My family hail from the Midlands, literally the middle of England, and after Manchester I used the trip to visit them and catch up with friends. I met up with a former colleague and got a sounding as to the mood of the office and both she and the rest of the office were leavers. “Taking back control” seemed to be hitting the mark which jarred with the narrative that I brought into that those most likely to vote leave were those confined to those areas of the country who were paradoxically untouched by immigration and nostalgic older voters. Birmingham, like London, is a culturally diverse city and it troubled me that this didn’t fit my understanding. Still I consoled myself with the fact that it was a small sample which needn’t have meant that it was representative of the whole.
My family has a large contingent of “little Englanders” which I chalked off to nostalgia and I concealed inner sense of superiority over the “backward” views. I remember a conversation on multiculturalism whilst we were in the car, in which I summed up multiculturalism as “you do your thing I will do mine”, with the counter argument being that “they” are forcing “their thing” on us and if by way of proof a gesture towards a passing brown man wearing a traditional garb. I found it chilling that the value proposition of the leave campaign “lets take back control” was taken in a sense that exceeded that of tacking back control from Europe. For a moment I wondered how extensive this phenomena was, and then found myself shaken by the sound that all those who do not think in a similar manner are traitors to the memory of those who died in the second world war.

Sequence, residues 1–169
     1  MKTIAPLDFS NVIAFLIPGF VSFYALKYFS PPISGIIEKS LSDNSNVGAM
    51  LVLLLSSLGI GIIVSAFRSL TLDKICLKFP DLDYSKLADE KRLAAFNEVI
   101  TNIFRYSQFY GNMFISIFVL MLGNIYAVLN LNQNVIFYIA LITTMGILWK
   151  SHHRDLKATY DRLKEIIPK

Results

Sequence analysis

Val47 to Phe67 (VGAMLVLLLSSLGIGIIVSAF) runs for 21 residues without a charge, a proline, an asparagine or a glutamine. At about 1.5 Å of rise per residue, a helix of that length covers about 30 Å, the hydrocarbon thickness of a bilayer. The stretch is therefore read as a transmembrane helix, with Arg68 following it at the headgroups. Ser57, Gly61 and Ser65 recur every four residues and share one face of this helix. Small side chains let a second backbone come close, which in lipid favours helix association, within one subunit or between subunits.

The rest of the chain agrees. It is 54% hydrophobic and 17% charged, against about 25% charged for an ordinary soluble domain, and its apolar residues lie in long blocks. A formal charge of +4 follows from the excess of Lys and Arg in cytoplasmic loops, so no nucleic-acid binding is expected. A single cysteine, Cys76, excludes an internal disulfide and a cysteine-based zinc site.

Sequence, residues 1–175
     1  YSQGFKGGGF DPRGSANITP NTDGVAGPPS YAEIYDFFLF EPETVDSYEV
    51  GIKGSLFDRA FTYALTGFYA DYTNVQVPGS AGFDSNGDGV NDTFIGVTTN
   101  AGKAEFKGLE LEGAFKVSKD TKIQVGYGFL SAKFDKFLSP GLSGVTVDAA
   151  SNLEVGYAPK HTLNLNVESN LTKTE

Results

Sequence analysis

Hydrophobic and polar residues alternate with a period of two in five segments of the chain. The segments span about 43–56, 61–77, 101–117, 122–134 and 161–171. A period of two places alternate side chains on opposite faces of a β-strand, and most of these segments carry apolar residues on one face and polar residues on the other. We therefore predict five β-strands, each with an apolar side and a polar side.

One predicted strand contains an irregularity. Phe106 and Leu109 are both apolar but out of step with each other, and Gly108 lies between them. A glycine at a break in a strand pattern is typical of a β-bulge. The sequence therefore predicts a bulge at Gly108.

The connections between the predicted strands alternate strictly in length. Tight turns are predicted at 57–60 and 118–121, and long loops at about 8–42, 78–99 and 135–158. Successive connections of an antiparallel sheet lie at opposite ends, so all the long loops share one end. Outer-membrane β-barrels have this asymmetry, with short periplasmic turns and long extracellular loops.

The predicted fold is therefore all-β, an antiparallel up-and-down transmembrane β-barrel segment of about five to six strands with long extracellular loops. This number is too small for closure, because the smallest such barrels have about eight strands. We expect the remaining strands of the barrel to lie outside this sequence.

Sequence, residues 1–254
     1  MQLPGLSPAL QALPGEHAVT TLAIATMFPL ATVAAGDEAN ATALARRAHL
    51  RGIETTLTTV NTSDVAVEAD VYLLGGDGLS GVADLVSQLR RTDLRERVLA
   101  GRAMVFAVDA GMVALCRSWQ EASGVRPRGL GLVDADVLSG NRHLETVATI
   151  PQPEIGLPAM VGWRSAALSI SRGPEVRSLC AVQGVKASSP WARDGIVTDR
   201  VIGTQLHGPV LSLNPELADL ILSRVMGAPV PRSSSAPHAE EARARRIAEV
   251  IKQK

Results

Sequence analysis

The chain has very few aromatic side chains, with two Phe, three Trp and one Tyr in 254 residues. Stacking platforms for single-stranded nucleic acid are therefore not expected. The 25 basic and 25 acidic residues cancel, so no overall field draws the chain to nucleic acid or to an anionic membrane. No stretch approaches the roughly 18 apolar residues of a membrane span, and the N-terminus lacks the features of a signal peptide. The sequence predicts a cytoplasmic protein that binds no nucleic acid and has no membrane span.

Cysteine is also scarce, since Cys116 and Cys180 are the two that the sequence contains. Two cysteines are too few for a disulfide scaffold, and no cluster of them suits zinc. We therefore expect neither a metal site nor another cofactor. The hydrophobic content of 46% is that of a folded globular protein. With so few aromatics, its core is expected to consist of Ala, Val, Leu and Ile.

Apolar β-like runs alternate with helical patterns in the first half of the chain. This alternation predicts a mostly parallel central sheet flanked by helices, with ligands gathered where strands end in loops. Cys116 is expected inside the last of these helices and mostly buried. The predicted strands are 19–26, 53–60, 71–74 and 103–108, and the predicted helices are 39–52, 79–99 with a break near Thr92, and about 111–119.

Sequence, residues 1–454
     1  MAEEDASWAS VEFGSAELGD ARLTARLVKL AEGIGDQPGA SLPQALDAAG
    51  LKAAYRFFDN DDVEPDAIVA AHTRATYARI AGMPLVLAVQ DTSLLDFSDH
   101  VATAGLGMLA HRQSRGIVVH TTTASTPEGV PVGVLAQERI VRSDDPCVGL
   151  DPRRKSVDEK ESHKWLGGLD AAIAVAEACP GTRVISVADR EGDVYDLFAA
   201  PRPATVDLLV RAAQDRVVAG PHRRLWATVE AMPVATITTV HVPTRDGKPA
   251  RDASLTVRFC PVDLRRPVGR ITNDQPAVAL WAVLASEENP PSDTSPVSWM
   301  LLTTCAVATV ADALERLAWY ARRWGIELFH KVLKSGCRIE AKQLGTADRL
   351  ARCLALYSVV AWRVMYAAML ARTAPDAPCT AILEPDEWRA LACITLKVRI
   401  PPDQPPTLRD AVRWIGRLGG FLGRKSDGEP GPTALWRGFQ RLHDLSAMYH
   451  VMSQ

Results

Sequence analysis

The day of the referendum happened to be the day of my flight back to Montreal. I was cautiously optimistic as the polls showed that that remainders were edging it, and believing in the psychological principle that the undecided voters were more likely to err on the side of caution and vote remain. Following BBC online from my hotel room in Toronto felt like watching a car crash in slow motion. The ripples of the result made it to this side of the pond and the next day I overheard a security guard in a convenience store talking about the vote.
My memories of the time in Manchester which I cherished felt under attack yesterday when a video of racist incident on public transport went viral. Other incidents were also reported, my despair is curtailed with the view that these are (horrific) examples of racism being elevated in light of the current context, and as such are confirmation bias which feeds the fears of those who did not vote for brexit and a shock for the majority of those that did.